More recently, Saxena and a colleague evaluated the efficacy and safety of venlafaxine in patients with hoarding disorder. According to Saxena, the reason they decided to evaluate venlafaxine was due to the drug’s improved safety profile in older patients as compared to paroxetine, and similar efficacy profile to paroxetine and clomipramine in the treatment of OCD.

The study was recently published in the journal International Clinical Psychopharmacology.3 “We had 23 of 24 patients complete the study, and one drop out due to the individual moving out of state. In prior research, people with hoarding disorder dropped out of treatment more often. We achieved quite good results, 35% reduction in symptoms, as good as or better than CBT studies,” said Saxena.

A key finding from this study is that venlafaxine produced these results in a shorter time period as compared to novel CBT approaches. Venlafaxine showed improvement within only 12 weeks, whereas CBT studies take ≥26 weeks and require a more involved process.


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In addition, the study demonstrated that venlafaxine also helped individuals with other comorbid psychiatric conditions including major depression and other anxiety disorders.3 “This study, in combination with previous work, indicates that certain medications work pretty well, if not better than CBT, for hoarding disorder. Seventy percent of patients were classified as responders, and that is higher than some studies of other disorders,” said Saxena.

While both paroxetine and venlafaxine showed significant improvements in hoarding and associated symptoms with treatment, Saxena said that placebo-controlled trials are necessary to truly establish the efficacy of a given treatment for a given disorder, and no placebo-controlled trials have yet been done for hoarding disorder. In addition, no other medications have been studied in a formal way for this condition.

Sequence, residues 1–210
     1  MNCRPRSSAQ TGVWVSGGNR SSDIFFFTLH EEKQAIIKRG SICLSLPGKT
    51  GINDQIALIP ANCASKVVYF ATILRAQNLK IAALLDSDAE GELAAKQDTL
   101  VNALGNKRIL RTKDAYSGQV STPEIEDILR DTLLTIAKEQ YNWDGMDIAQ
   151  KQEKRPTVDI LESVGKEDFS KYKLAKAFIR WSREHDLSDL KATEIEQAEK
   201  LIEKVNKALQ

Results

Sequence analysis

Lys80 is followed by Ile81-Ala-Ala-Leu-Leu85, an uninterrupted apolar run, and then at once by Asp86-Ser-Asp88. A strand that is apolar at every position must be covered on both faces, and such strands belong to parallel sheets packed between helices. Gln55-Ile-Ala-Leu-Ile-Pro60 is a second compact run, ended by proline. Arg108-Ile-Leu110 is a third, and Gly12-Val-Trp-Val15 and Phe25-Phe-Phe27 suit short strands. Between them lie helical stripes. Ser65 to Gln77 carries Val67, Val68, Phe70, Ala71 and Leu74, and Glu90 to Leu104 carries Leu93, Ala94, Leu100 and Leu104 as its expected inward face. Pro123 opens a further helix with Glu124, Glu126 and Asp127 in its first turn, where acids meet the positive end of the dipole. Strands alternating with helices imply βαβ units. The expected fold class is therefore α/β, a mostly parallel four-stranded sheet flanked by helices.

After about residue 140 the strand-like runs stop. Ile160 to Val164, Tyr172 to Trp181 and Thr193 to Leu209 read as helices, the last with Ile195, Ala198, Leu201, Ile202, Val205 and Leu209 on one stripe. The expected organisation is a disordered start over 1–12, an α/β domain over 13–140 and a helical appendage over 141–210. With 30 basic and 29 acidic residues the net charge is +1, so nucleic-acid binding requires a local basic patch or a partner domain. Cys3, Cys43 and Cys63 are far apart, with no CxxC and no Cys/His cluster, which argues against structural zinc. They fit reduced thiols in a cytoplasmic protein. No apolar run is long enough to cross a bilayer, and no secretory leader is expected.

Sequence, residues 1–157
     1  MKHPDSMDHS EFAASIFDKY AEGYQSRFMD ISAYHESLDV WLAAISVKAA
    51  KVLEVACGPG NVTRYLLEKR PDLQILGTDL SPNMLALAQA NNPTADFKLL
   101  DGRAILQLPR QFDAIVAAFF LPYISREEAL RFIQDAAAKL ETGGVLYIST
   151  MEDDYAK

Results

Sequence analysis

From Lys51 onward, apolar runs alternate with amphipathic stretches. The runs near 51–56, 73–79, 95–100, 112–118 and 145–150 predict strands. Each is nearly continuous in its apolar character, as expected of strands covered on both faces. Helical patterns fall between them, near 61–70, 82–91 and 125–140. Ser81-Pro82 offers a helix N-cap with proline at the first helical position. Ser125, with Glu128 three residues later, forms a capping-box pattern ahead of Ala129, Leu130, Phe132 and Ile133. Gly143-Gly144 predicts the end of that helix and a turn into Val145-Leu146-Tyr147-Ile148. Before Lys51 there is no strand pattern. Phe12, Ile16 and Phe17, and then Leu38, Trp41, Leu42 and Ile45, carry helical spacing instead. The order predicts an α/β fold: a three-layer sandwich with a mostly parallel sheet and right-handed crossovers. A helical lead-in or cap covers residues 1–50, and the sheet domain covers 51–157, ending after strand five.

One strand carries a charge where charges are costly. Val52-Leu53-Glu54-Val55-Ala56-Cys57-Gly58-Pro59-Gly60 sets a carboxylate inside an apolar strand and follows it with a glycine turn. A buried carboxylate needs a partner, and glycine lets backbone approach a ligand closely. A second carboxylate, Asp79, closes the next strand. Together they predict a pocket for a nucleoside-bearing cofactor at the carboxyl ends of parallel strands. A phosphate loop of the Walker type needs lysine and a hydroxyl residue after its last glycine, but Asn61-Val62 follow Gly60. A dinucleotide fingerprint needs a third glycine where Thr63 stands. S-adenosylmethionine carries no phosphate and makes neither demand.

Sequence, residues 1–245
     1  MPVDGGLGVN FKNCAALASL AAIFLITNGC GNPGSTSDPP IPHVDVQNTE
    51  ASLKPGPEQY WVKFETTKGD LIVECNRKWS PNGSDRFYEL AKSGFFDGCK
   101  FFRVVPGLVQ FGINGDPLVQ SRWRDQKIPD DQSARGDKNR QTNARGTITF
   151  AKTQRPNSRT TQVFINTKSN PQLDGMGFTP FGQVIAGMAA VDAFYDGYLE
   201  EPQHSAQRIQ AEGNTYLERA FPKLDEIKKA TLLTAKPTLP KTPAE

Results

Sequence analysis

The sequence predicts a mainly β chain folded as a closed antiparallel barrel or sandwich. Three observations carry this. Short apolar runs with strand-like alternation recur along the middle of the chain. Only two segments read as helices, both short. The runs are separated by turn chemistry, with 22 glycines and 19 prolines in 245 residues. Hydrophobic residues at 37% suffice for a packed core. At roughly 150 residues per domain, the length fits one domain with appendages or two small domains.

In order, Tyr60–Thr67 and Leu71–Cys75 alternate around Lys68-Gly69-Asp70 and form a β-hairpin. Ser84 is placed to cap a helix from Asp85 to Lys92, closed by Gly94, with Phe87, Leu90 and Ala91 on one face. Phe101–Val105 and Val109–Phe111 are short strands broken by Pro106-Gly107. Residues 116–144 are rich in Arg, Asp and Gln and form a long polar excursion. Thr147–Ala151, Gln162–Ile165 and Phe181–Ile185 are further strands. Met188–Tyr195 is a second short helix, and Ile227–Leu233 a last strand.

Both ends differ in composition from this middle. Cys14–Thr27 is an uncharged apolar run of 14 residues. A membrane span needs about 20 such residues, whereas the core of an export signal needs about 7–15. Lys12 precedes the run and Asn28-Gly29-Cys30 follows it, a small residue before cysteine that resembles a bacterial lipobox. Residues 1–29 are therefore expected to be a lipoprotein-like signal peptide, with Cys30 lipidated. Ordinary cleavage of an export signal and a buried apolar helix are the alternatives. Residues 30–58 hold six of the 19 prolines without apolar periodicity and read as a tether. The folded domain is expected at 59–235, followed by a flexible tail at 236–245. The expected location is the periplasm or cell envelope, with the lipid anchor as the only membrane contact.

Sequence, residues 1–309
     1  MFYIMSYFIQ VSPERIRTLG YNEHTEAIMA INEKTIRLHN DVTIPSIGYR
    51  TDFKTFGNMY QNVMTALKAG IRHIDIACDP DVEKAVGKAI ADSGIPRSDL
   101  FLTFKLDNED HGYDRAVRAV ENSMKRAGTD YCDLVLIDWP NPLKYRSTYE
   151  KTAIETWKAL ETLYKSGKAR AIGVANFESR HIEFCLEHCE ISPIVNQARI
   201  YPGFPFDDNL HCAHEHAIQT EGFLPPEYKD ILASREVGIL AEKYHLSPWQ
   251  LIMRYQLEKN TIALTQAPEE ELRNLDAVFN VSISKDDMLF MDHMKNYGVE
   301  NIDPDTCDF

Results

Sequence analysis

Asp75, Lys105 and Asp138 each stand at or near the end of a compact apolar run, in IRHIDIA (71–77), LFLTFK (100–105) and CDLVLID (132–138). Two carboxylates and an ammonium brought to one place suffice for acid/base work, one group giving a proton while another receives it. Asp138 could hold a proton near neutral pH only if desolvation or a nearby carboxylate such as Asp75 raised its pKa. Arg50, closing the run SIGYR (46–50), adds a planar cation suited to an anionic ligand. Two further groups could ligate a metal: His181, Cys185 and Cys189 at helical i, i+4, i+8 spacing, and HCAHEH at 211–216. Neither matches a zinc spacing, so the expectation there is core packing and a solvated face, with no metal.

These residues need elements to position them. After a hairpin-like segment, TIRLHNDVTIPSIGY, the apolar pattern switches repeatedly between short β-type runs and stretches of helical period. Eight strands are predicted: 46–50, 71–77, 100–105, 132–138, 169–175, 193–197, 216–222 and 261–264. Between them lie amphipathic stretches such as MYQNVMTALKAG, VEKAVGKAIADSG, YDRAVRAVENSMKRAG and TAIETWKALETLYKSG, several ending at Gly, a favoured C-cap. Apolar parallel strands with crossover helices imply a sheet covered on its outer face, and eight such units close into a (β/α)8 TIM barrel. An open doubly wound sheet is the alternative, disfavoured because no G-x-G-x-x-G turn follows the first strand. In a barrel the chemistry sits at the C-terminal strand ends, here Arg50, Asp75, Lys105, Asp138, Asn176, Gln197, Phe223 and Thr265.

Although CBT and paroxetine and venlafaxine have been shown to be effective in treating hoarding disorder, the effects vary among patients, and the combination of the two approaches together is likely to produce the best results as compared to using the approaches individually.

Conclusion

According to Saxena, “the take-home message is that not only is hoarding disorder very common and fairly serious, it is also very treatable. We are currently trying to educate the public about this disorder, as well as government agencies and the medical community, to get them to understand that it is not bad behavior or laziness. It requires neuropsychiatric work up and treatment. Part of the problem was that it was not previously described or categorized as a real disorder, so we are now training people how to treat it and assess it.”

Have you ever treated a patient with hoarding disorder?

References:

  1. Anxiety and Depression Association of America (ADAA). Hoarding: The Basics. Available at: http://www.adaa.org/understanding-anxiety/obsessive-compulsive-disorder-ocd/hoarding-basics. Accessed: April 28, 2014.
  2. American Psychiatric Association. Diagnostic and Statistical Manual of Mental Disorders (DSM-5) – Hoarding Disorder. http://www.dsm5.org/Documents/Obsessive%20Compulsive%20Disorders%20Fact%20Sheet.pdf. Accessed: April 28, 2014.
  3. Saxena S, Sumner J. Venlafaxine extended-release treatment of hoarding disorder. International Clinical Psychopharmacology. 2014; 00 (00); 1-8.